After about half a mile, the trail will turn left towards the river. It’ll descend to the level of the river, and thankfully at this point there is a bridge crossing the Rahway River. After crossing the river, the trail will be somewhat less hilly, although there are still ups and downs.
For a while it’ll travel right alongside the river, before moving slightly further inland. This part of the trail can get a little wet and muddy. There are also a lot of tree roots, so be careful of your footing.
You’ll pass by Campbell’s Pond on your righthand side. The trail will zigzag a bit, crossing and re-crossing parts of the carriage road (the River Trail). If you get tired of the tree roots, you can always follow this trail south to the parking lot.
In the last stretch of the trail, you may notice little fairy houses. These are a popular feature of the trail, and on weekends you will likely see crowds of small children hiking to explore these fairy houses. This is the only part of the trail that is likely to be busy. The rest of it is typically not traveled heavily.
As you come to the end of the trail, you’ll cross a small wooden bridge. You’ll see a parking lot ahead and a bulletin board with a map posted. This is the southern trailhead, and you could have begun here and run along the Rahway Trail north.
You can also loop around by heading north in the parking lot, turning right, and starting at the beginning of the Lenape Trail. This will loop back up to the northern trailhead.
Final Thoughts on the Rahway Trail
The Rahway Trail is a great option for an easy trail run.
It’s not too easy, and you’ll definitely know you’re running on trails. The tree roots require constant attention, and the hills are tiresome. But it’s not too strenuous, and you won’t be exhausted by the end.
That being said, it’s not a trail I would pick if I was trying to run fast. There are a number of places where you need to be careful of your footing, and if I was running hard I’d be more afraid of slipping.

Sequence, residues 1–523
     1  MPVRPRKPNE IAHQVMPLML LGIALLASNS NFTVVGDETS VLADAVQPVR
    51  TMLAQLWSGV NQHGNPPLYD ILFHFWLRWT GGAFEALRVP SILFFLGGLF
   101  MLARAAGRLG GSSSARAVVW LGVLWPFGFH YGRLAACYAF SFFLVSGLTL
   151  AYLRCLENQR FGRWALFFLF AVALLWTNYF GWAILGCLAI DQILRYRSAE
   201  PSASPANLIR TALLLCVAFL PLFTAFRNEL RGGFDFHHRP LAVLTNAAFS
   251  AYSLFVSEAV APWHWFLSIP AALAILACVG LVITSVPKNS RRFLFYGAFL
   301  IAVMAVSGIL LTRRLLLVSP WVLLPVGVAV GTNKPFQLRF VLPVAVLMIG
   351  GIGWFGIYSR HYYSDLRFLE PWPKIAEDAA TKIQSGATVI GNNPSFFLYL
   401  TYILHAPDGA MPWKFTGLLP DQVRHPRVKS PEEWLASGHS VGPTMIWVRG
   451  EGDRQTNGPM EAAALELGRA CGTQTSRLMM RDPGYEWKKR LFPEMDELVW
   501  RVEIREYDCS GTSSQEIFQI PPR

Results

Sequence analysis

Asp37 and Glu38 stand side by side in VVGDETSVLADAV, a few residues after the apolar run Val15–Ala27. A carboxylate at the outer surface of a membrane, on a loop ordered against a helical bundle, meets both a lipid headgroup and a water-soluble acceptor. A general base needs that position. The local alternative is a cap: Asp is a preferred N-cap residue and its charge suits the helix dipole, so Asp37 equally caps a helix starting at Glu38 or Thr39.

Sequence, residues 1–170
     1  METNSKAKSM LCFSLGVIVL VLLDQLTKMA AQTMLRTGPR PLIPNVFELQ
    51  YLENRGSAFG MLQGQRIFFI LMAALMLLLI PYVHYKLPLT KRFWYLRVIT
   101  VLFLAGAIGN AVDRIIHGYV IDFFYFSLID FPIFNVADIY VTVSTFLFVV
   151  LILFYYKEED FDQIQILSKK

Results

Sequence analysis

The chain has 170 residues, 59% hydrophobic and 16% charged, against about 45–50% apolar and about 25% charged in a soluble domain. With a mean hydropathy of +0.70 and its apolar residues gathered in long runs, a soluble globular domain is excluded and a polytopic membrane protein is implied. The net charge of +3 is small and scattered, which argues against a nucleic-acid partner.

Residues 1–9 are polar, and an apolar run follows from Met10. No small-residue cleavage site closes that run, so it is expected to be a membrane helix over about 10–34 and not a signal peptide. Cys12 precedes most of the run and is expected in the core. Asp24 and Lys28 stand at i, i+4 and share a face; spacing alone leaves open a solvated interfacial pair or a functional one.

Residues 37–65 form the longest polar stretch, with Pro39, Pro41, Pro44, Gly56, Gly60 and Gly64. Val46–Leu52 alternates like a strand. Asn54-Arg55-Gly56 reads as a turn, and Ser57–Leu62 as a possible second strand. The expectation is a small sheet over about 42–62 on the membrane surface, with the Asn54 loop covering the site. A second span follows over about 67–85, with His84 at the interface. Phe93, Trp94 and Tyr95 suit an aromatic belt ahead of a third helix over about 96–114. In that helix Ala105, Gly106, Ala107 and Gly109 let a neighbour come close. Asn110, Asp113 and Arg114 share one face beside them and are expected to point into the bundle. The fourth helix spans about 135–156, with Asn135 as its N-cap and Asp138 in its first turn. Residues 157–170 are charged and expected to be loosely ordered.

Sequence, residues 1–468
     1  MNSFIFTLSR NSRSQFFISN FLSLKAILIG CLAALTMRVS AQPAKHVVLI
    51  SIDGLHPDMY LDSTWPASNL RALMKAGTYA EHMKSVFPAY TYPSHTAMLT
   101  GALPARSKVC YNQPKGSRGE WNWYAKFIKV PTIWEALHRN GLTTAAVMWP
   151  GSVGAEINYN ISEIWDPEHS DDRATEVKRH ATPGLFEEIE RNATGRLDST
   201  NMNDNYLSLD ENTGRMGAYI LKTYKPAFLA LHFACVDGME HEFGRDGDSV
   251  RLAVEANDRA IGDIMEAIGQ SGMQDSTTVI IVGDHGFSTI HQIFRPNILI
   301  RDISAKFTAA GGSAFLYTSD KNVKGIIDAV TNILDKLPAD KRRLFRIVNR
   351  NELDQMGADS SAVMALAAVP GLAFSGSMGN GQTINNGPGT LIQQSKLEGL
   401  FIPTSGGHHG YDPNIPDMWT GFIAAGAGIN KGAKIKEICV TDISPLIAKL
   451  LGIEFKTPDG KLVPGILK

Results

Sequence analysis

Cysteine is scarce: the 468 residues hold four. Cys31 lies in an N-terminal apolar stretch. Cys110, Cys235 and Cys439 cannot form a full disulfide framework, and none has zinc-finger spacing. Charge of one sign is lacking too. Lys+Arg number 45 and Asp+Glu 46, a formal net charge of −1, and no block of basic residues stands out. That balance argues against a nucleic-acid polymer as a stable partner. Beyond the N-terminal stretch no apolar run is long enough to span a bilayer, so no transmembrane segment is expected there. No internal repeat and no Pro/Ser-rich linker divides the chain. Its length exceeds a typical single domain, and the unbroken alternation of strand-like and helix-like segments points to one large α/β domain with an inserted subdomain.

This is also a great way to get from the middle of the South Mountain Reservation to the other end. The Lenape Trail is much more strenuous, and this is a good way to build a full loop through the reservation with a more moderate difficulty. If you were to make one loop of the southern half, you’d probably run five to six miles. If you use this as part of a loop starting in the northern half, you’ll do close to ten miles.
If you don’t want to run the Lenape Trail, you can also connect to several carriage roads to travel back through the reservation to your starting point.
The only thing to be aware of is that there can be crowds in the southern end of the trail where the fairy houses are. Normally, this isn’t too much of an issue. However, with covid I try more than usual to avoid crowded trails.
Check out this collection of trails in the South Mountain Reservation for other running trails to try out.
And if you’re interested in trail running, check out this guide to the what, how, and why of trail running.
I’m curious what you think about it. Have you run along the Rahway Trail?
What did you think about it? Leave a comment below.